25. 25. • Oxygen should be administered immediately at the highest available concentration. • Oxygen saturation should be maintained at 90% or higher. • Endotracheal intubation and mechanical ventilation • Bronchodilators • Antibiotics • Hypotension is treated with vasopressors • Pulmonary oedema- diuretics • Metabolic acidosis –by proper ventilation and oxygenation • Hypothermia should be corrected
  26. 26. COMPLICATIONS • Dehydration • Hypotension • Hemoptysis • Pulmonary infection • Arrhythmias • ARDS
  27. 27. COLD WATER IMMERSION Death results due to • Sudden cardiac arrest • Muscle stiffness due to cold water • Hypothermia • Loss of consciousness • Further water inhalation
  29. 29. HIGH ALTITUDE ILLNESS • As altitude increases, there is a decrease in both barometric pressure and oxygen partial pressure leading to hypoxia. • Acclimatization occurs as a physiologic response to the rise in altitude and increasing hypoxia. • Acclimatisation to hypoxaemia at high altitude results in increased erythropoiesis, haemoconcentration, and hyperventilation • Physiologic changes include increases in alveolar ventilation and oxygen extraction by the tissues and increased hemoglobin level and oxygen binding • Ascent to altitudes up to 2500 m or travel in a pressurised aircraft cabin is harmless to healthy people. • Above 2500 m high-altitude illnesses may occur in previously healthy people, and above 3500 m these become common.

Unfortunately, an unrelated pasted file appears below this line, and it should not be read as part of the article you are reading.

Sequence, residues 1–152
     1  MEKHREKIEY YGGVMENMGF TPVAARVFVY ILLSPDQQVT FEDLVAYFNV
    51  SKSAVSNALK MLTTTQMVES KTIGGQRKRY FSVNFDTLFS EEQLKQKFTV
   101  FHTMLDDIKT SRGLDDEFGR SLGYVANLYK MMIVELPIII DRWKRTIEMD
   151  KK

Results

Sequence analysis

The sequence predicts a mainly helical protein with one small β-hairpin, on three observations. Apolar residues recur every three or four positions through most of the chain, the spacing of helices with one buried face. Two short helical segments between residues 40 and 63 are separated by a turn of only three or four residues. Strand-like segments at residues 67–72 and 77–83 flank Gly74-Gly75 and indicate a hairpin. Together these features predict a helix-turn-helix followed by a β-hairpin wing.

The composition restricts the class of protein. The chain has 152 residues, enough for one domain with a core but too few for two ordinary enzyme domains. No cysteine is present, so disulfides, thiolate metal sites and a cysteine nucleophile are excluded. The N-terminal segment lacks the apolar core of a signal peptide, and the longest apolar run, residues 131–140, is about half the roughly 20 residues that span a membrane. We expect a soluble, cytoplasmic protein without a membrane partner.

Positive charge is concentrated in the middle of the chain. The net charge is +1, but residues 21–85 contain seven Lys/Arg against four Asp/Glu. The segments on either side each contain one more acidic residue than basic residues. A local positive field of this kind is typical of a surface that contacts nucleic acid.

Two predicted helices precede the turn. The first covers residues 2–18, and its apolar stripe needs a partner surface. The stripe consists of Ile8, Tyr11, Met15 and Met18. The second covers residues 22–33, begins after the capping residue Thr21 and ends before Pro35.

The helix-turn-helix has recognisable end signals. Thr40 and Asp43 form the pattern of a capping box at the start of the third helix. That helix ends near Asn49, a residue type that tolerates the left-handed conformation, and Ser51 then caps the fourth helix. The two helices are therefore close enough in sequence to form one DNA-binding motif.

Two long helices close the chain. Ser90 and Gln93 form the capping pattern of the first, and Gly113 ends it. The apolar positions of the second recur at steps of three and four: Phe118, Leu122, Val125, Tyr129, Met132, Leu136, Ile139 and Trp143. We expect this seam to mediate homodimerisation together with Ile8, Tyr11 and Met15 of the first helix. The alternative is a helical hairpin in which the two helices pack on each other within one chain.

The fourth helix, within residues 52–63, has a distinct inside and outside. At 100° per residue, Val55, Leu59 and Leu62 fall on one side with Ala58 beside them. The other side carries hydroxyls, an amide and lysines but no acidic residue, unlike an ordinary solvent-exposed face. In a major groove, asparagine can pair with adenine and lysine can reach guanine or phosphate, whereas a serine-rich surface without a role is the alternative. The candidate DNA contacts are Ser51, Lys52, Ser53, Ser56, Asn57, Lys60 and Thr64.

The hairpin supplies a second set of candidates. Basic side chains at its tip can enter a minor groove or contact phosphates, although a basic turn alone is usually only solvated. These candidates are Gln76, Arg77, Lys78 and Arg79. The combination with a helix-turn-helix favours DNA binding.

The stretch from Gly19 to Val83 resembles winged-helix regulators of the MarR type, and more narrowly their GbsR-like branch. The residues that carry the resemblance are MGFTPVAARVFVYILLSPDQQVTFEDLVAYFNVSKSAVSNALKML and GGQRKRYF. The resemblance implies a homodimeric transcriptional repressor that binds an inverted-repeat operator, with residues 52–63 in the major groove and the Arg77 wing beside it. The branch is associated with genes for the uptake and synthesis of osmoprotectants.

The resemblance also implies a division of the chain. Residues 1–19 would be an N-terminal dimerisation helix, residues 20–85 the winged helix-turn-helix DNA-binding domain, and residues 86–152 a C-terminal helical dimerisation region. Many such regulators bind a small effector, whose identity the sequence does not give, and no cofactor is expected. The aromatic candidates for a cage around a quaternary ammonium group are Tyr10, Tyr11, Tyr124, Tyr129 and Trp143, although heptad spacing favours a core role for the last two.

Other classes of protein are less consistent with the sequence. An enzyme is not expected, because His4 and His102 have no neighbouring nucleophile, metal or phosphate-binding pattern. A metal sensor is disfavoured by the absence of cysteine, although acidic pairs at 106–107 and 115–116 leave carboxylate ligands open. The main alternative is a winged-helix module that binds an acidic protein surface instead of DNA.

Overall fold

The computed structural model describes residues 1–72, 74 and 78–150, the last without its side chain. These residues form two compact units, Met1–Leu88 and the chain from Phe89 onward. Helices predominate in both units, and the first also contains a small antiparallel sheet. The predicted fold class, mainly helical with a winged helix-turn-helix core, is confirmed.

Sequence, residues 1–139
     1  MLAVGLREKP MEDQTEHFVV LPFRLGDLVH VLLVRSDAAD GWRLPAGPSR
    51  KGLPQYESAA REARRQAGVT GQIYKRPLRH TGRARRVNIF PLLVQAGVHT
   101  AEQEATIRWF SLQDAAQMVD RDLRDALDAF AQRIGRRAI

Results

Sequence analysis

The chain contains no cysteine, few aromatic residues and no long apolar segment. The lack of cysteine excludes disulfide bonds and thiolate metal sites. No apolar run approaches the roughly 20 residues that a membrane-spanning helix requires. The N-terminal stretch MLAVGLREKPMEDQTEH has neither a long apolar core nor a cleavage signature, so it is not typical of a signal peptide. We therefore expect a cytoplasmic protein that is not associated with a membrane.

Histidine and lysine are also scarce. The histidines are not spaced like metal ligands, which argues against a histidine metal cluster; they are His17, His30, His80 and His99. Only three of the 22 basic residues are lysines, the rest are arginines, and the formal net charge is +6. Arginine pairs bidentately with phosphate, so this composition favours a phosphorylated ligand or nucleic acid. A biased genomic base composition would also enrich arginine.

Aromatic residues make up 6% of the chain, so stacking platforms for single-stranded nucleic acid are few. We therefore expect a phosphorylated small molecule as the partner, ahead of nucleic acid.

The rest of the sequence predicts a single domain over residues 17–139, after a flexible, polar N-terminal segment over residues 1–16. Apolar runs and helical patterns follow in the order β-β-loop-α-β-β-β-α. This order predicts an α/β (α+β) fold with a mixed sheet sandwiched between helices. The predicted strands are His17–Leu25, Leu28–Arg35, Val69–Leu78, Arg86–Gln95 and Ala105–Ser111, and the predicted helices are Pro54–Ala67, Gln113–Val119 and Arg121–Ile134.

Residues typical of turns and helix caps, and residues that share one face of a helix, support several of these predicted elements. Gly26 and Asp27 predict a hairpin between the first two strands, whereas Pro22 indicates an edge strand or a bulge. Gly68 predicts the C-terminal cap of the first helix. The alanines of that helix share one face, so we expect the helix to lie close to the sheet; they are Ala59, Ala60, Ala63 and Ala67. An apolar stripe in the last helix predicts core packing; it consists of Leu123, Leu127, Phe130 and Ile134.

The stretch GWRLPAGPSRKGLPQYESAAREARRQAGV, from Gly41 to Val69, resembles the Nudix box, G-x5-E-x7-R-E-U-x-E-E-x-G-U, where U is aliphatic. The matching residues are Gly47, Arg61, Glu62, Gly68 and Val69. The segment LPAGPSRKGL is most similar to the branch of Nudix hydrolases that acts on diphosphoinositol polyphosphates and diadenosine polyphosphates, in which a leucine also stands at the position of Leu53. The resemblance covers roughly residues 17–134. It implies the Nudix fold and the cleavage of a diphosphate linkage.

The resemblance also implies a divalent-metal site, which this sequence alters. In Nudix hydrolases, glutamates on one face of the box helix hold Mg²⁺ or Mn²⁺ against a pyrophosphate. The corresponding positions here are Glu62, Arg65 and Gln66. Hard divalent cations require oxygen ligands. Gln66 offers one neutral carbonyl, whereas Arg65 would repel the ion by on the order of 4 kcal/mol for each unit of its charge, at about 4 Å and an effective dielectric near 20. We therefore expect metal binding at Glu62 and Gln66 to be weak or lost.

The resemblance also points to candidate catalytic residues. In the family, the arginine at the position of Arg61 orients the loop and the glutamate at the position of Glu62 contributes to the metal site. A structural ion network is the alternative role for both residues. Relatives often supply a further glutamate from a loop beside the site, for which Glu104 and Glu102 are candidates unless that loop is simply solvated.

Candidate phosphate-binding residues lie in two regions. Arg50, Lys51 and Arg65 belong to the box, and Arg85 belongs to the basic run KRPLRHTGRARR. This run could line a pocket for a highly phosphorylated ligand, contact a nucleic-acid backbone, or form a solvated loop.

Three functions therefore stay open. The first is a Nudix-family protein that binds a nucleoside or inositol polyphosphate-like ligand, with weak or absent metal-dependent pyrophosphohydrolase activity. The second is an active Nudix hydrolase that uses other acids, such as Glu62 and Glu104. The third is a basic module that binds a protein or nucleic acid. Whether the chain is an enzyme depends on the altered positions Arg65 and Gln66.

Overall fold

30. 30. ACUTE MOUNTAIN SICKNESS • Characterized by neurologic and pulmonary symptoms. • Characterized by headache with N,V, dizziness, fatigue • Facial pallor, dyspnea and cyanosis • Later - vertigo, tinnitus, visual disturbances • Occurs in 6-24 hrs. of ascent. • M/M – Rest, analgesic and Acetazolamide (acetazolamide acts by inhibiting carbonic anhydrase enzyme causing metabolic acidosis and thus increasing ventilation.) • Prevention – slow ascent and acclimatization
  31. 31. High altitude cerebral edema • Extension of CNS symptoms of acute mountain sickness • Over >3500 m due to loss of acclimatization • Altered consciousness and ataxic gait • Confusion, Behavioral changes, Hallucinations • Seizures, ff by obtundation,and coma M/M –immediate descent - O2 - steroids (dexamethasone) - diuretics( mannitol)